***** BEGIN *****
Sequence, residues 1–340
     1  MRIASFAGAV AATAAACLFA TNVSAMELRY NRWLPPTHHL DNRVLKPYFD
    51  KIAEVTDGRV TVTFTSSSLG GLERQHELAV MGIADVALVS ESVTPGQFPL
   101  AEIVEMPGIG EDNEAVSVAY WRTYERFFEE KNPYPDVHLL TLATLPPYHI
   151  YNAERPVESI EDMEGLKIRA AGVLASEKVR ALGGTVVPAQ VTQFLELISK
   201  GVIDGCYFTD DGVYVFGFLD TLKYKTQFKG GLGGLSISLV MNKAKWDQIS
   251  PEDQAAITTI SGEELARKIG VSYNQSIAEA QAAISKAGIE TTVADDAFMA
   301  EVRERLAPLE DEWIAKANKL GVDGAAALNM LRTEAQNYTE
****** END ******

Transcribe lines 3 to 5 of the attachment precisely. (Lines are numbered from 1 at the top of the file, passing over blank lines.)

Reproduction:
    51  KIAEVTDGRV TVTFTSSSLG GLERQHELAV MGIADVALVS ESVTPGQFPL
   101  AEIVEMPGIG EDNEAVSVAY WRTYERFFEE KNPYPDVHLL TLATLPPYHI
   151  YNAERPVESI EDMEGLKIRA AGVLASEKVR ALGGTVVPAQ VTQFLELISK